Establish your culture


Learning goals for this activity

– Understand why establishing organizational culture is important to talent optimization.
– Be able to list and describe the three best practices that will align culture to business strategy.
– Be able to map a given business strategy to appropriate values and behaviors.
– Describe some recommended approaches for closing the gaps between current and desired culture.

Why establishing organizational culture is important to talent optimization

Any senior team should view establishing their company culture as one of their most important activities as leaders. Culture is a result of deliberate, intentional action. Not only should an organization’s structure have tight alignment with the organization’s business strategy, but a purpose-built culture should also be consistent with that strategy. Culture, along with organizational structure, is a lever that the most successful leaders use to drive performance. Leaders can purposefully shift an organization’s culture by modeling desired behaviors.

Organizational culture can either help or hinder the way your employees identify with your company and its mission. Organizational culture represents your business’s core values, rewarded behaviors, and, ultimately, performance drivers. Culture plays a significant role in driving the level of employee engagement. When employees don’t feel connected to your company culture—or your culture is toxic or non-existent—they disengage. Workers who aren’t in tune with your company culture, values, or leadership will never feel like they belong, and because of that disconnect, they’ll never put in discretionary effort or go the extra mile to help your business succeed. Because of this, smart organizations actively manage their culture.

Follow these three best practices to create a culture that aligns to your business strategy:

  1. Map cultural factors to the strategy.
  2. Identify current culture fit in relation to business strategy.
  3. Develop and execute a plan to address culture gaps.

1. Map cultural factors to the business strategy.

This part is simple: A positive culture is one whose core values align with the business strategy. You have to decide and choose which core values and behaviors you want employees to embody.

For example, if your company operates in a regulated environment that requires careful attention to working with process and protocol, you want a culture that values critical thinking, following standard operating procedures, and managing risk. Your culture won’t need to be as focused on innovation and new product development; while these may be worthy pursuits, they don’t align with your goals.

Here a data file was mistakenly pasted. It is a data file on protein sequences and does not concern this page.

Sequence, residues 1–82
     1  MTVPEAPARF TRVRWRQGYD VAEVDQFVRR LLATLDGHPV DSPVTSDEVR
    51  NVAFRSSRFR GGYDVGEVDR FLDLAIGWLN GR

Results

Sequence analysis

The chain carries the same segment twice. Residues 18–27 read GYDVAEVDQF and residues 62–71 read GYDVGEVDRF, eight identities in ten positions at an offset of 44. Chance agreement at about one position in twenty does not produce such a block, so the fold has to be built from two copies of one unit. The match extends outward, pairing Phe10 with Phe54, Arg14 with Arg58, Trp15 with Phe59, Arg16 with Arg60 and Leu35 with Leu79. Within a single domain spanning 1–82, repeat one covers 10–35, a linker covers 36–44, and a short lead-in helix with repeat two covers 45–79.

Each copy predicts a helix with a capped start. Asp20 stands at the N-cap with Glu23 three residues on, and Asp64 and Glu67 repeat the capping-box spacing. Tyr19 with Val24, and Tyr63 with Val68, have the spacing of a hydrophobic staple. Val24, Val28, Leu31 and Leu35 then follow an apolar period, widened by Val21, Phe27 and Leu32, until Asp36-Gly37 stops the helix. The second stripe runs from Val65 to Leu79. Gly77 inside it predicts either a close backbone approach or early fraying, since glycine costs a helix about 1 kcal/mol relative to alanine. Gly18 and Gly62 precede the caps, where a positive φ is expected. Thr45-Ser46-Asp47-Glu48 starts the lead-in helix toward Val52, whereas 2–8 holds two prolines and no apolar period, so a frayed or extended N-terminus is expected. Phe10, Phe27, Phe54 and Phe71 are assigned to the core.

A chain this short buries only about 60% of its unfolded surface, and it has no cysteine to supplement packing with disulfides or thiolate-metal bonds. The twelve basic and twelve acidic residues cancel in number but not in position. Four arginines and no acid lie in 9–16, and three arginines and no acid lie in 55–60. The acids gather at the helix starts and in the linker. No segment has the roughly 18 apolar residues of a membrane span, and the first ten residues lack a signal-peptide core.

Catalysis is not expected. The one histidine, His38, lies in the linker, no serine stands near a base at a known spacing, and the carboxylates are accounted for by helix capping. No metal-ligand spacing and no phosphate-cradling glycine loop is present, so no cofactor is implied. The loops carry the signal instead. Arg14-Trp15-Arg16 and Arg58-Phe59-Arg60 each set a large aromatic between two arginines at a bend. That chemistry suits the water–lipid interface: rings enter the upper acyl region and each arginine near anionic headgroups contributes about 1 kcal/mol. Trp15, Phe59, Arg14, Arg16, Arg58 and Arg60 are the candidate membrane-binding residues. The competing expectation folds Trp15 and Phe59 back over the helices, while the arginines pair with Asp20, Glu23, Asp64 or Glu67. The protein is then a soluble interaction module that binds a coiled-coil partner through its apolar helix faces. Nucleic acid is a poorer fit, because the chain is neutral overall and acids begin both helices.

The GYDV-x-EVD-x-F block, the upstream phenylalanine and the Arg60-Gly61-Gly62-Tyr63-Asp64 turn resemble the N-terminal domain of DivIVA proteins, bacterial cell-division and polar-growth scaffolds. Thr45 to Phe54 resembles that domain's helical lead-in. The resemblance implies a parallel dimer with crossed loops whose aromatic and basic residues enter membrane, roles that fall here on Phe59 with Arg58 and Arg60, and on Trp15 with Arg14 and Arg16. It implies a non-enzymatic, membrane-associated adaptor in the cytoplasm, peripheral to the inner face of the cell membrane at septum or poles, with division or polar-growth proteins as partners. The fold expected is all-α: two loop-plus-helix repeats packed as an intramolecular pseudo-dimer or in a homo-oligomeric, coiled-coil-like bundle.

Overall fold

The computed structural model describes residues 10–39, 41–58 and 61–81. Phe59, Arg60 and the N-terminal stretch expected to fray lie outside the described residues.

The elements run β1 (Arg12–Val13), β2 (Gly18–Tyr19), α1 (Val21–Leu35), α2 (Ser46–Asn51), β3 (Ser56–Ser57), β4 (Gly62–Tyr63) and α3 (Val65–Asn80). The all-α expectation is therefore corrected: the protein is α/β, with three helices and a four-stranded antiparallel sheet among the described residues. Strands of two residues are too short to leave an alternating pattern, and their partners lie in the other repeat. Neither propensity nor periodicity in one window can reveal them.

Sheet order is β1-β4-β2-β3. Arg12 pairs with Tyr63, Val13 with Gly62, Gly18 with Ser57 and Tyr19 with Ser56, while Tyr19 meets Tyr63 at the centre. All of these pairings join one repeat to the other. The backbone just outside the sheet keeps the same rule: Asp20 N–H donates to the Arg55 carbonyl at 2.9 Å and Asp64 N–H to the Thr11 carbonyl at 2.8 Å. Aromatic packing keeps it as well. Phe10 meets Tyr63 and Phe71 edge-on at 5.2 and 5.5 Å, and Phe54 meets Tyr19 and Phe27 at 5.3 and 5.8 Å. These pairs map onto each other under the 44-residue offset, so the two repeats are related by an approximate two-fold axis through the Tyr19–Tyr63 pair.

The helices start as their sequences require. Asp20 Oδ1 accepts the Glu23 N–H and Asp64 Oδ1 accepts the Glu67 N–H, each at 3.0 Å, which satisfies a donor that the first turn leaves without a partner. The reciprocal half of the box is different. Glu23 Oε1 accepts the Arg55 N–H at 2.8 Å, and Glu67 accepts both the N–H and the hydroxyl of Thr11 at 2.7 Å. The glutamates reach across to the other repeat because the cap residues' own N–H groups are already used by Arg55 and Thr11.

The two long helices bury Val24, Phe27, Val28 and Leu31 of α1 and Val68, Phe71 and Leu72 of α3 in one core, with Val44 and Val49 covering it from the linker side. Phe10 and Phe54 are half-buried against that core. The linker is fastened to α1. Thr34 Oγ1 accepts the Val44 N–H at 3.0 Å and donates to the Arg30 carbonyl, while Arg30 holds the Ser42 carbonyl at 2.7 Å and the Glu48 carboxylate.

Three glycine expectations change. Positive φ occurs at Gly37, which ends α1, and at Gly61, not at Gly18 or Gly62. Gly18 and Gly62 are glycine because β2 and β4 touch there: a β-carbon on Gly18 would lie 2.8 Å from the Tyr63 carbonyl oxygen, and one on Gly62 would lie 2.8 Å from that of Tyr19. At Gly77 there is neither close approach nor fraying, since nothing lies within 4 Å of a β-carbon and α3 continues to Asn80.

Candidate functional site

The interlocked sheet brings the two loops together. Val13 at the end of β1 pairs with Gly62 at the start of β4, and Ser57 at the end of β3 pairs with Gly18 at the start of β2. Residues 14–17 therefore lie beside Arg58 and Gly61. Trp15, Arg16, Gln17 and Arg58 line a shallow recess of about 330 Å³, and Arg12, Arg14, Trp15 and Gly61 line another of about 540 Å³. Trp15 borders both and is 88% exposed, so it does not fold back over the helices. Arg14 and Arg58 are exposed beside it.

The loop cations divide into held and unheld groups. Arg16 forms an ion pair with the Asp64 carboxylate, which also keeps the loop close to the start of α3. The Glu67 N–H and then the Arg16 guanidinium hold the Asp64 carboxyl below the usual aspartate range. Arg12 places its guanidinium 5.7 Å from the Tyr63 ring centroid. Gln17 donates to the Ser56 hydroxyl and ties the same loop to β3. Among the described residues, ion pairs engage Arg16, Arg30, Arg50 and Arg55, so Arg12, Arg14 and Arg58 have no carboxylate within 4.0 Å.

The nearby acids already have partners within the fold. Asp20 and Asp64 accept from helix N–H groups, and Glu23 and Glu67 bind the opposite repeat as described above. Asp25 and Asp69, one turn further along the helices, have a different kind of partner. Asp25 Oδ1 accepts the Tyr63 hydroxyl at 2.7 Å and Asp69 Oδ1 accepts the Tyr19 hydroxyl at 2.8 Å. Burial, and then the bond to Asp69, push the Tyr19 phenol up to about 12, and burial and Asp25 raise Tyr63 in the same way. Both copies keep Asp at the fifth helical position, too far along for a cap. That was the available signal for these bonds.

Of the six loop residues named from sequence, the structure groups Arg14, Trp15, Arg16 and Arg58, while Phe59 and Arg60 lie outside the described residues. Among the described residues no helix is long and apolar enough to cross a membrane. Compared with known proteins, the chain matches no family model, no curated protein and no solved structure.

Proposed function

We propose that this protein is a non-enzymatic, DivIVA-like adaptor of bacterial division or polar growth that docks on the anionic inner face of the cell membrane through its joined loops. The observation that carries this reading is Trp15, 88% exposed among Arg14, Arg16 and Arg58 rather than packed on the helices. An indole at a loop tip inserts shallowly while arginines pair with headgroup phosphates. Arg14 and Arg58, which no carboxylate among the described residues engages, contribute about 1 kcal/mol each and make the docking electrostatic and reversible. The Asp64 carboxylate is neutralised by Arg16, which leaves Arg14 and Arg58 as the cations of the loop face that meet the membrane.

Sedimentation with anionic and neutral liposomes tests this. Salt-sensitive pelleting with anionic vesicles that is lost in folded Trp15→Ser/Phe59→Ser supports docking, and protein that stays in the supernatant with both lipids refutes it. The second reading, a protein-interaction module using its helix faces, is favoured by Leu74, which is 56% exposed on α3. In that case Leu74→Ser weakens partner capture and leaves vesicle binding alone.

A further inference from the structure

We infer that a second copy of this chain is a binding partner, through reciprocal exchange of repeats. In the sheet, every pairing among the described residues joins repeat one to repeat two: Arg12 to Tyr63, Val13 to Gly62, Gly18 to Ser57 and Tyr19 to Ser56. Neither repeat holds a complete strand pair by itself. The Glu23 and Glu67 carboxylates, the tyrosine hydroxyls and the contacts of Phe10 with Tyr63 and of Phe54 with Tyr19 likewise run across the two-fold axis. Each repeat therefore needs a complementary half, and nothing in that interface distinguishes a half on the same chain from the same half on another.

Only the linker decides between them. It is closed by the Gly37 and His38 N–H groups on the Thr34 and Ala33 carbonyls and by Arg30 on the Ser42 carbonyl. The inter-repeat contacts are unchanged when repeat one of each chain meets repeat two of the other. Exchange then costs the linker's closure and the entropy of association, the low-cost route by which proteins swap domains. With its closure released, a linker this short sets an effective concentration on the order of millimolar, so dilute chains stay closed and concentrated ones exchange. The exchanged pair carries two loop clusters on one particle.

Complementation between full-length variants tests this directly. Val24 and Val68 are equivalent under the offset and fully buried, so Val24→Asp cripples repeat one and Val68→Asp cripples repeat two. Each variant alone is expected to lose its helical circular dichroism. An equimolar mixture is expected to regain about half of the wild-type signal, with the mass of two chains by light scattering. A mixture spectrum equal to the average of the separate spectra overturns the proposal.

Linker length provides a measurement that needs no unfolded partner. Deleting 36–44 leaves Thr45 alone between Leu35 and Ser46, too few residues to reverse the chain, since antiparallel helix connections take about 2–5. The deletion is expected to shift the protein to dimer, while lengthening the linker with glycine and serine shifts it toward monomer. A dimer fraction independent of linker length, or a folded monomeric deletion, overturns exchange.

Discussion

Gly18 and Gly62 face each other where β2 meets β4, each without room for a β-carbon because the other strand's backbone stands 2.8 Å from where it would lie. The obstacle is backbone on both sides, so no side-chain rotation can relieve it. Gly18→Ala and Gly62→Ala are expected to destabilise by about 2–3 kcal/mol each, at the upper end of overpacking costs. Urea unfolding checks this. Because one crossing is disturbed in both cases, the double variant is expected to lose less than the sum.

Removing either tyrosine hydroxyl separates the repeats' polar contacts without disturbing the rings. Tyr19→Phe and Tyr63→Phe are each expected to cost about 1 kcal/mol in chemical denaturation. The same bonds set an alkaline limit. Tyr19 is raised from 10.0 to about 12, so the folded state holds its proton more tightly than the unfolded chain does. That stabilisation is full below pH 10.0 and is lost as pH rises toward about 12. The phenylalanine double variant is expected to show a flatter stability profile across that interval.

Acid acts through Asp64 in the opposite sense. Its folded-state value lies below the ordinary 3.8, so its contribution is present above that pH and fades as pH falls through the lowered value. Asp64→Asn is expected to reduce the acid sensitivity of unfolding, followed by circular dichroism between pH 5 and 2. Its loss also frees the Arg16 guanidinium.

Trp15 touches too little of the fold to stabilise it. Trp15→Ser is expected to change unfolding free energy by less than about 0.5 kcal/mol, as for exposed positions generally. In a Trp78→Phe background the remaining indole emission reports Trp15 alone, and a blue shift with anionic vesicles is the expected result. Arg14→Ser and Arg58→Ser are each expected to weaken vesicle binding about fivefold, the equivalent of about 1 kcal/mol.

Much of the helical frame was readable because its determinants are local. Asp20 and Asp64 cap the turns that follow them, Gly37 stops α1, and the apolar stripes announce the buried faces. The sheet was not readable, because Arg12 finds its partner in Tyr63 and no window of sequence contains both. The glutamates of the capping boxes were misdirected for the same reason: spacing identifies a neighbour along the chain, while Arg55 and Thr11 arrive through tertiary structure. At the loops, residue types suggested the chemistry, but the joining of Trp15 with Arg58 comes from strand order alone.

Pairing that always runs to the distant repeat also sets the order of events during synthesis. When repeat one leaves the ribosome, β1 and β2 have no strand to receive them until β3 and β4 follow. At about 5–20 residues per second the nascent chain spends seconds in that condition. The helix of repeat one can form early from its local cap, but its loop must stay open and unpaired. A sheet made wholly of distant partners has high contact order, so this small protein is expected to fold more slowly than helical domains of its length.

Translate your business strategy into values, norms, and practices that will directly support it. You can use the same strategic inputs you used to map your leadership competencies. 

2. Identify current culture fit in relation to business strategy.

Assess your organizational culture by using a combination of engagement surveys, focus groups, and simple observation. Examine the following dimensions:

  • Jobs: Do your employees feel their jobs are a good fit? Do employees believe they add value to the business? What frustrates your employees about their daily tasks?
  • Practices: How do teams and employees collaborate? How are things communicated? How are decisions made? How are tasks executed?
  • Values: What beliefs and values support your employees’ actions and decisions?
  • Leadership: Are leaders empowering their direct reports or micromanaging them?
  • Behaviors and rewards: What behaviors get rewarded? How is performance evaluated?
  • Goals: Do employees understand and align to your strategic goals?
  • Compensation strategy: Is it reinforcing the behaviors that matter in your culture? For example, compensation models may encourage individual performance or emphasize team results and collaboration. Either will foster different behaviors.